Transcendental experiences during meditation

January 13, 2014

Today, millions of Americans say they practice some form of yoga and/or meditation. It's become a health fad. Yet the goal of these practices seems unknown or elusive to many practitioners -- transcendence.

An article: Transcendental experiences during meditation practice, by Fred Travis, PhD, Director of the Center for Brain, Consciousness, and Cognition at Maharishi University of Management, provides an overview of research on individuals experiencing higher states of consciousness. It is published today in Annals of the New York Academy of Sciences: January 2014, Volume 1307, Advances in Meditation Research: Neuroscience and Clinical Applications, pages 1-8.

The paper is based on a presentation Dr. Travis was invited to give at "Advances in Meditation Research" (AMR), a meeting of the nation's top meditation researchers, which took place a year ago at the New York Academy of Sciences in New York City.

In his paper Dr. Travis explains that different meditations have different effects, and that meditation can lead to nondual or transcendental experiences, a sense of self-awareness without content.

However, after a search of the scientific literature he reported that physiological measures and first-person descriptions of transcendental experiences and higher states have only been investigated during practice of the Transcendental Meditation® (TM) technique.

TM is an effortless technique for automatic self-transcending, different from the other categories of meditation -- focused attention or open monitoring. It allows the mind to settle inward beyond thought to experience the source of thought -- pure awareness or Transcendental Consciousness. This is the most silent and peaceful level of consciousness -- one's innermost Self.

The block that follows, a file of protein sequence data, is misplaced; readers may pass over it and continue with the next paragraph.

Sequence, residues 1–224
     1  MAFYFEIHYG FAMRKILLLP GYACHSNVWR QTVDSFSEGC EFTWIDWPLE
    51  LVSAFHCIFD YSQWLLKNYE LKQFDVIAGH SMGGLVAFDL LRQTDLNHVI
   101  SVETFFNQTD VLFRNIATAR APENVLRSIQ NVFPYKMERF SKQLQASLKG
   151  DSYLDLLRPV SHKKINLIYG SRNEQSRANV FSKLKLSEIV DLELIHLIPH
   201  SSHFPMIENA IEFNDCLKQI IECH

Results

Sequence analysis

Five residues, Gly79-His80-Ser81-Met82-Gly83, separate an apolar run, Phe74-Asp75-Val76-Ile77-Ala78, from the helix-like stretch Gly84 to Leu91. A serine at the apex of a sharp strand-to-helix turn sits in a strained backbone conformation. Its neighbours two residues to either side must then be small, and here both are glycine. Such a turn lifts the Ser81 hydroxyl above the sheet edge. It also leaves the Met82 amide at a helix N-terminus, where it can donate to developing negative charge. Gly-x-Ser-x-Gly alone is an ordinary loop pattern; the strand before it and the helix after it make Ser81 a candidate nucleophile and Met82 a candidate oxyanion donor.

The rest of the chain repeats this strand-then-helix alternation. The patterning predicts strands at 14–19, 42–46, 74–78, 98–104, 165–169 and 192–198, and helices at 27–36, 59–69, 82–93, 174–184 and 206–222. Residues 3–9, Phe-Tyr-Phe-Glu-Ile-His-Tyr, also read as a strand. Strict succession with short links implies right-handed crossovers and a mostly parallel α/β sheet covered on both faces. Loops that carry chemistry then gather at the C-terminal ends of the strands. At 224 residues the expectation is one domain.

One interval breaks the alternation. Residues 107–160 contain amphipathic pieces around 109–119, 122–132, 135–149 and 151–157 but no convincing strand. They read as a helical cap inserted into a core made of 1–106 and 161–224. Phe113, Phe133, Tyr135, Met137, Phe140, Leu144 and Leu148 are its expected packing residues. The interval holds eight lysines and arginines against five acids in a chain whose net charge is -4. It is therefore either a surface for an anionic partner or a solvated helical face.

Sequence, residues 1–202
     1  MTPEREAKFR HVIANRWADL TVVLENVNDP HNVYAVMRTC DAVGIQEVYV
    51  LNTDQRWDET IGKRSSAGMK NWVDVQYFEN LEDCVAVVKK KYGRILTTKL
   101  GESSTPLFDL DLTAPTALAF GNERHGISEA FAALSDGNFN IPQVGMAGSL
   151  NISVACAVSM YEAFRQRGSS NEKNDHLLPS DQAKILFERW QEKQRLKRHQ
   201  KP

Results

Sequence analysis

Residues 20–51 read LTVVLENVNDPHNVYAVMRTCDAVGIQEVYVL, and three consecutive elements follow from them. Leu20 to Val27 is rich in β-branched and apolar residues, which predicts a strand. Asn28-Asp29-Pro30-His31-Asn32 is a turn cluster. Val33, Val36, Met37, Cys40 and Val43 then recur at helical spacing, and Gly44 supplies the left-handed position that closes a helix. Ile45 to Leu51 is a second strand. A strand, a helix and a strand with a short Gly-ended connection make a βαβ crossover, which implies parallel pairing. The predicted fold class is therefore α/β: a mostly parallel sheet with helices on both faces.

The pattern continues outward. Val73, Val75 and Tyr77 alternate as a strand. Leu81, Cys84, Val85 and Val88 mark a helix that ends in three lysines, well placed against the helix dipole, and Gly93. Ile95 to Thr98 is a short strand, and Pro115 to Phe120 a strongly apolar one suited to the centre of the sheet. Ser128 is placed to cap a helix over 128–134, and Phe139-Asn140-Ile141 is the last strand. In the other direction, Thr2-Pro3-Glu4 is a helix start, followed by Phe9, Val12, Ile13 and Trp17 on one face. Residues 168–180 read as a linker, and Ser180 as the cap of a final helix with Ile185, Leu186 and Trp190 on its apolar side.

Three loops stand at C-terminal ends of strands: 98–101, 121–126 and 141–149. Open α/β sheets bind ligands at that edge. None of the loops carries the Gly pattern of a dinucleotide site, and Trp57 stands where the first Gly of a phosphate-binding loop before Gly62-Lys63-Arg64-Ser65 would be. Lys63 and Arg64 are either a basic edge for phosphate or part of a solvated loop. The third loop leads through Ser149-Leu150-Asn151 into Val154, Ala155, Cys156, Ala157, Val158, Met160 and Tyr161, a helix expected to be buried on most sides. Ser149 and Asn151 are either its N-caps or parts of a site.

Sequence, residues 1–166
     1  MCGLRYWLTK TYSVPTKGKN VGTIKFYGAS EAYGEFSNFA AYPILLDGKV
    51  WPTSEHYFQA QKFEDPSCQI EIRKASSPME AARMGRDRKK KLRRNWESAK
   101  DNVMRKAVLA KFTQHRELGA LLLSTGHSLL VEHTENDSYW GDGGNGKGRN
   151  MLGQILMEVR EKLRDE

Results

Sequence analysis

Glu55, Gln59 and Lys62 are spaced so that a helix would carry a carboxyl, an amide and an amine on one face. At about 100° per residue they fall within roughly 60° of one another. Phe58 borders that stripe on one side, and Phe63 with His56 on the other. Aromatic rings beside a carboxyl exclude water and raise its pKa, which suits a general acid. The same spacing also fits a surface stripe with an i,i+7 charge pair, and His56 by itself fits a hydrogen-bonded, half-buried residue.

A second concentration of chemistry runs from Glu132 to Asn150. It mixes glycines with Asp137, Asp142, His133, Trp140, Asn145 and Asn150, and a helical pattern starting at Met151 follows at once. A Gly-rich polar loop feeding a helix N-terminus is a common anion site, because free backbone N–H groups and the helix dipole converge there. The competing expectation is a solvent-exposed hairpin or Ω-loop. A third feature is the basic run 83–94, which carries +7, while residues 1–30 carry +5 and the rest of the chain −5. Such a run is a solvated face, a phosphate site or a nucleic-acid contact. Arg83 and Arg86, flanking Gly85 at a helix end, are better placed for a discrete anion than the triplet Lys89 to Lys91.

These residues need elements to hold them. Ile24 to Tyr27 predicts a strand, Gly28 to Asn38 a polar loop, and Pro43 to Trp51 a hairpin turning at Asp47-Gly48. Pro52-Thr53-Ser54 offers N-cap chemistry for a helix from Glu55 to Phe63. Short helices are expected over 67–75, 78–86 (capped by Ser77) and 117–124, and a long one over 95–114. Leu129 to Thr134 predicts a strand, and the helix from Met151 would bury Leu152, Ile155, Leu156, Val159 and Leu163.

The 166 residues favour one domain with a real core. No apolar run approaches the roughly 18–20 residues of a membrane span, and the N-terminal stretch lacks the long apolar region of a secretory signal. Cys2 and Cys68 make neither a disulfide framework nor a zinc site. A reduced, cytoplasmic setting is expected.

Dr. Travis discusses a study of descriptions of Transcendental Consciousness from 52 subjects practicing the Transcendental Meditation technique and found that they experienced "a state where thinking, feeling, and individual intention were missing, but Self-awareness remained." A systematic analysis of their experiences revealed three themes: absence of time, space, and body sense.

Specific physiological changes are associated with this subjective experience of Transcendental Consciousness. These include changes in breath rate, skin conductance, and EEG patterns.

Dr. Travis further explains that with regular meditation, experiences of Transcendental Consciousness begin to co-exist with sleeping, dreaming, and even while one is awake. This state is called Cosmic Consciousness, in the Vedic tradition. The paper presents first-person accounts followed by an overview of the physiological patterns associated with Cosmic Consciousness.

Whereas control subjects describe themselves in relation to concrete cognitive and behavioral processes, those experiencing Cosmic Consciousness describe themselves in terms of a continuum of inner self-awareness that underlies their thoughts, feelings, and actions.

In addition, the Cosmic Consciousness subjects showed the EEG patterns seen during Transcendental Consciousness along with the EEG patterns when they were asleep, and during waking tasks. This leads to higher scores on the Brain Integration Scale developed by Dr. Travis.

Dr. Travis suggests that such higher states of consciousness can be seen as normal developments beyond the classic stages described by Piaget. One simply needs a technique to experience transcendence and thereby facilitate the development of these states. The practical benefit of higher states, he says, is that you become more anchored to your inner Self, and therefore less likely to be overwhelmed by the vicissitudes of daily life.

"This research focuses on the larger purpose of meditation practices -- to develop higher states of consciousness," explained Dr. Travis. "This paper is the outgrowth of meetings at Esalen and the Institute for Noetic Sciences to chart the future of meditation research."
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Maharishi University of Management

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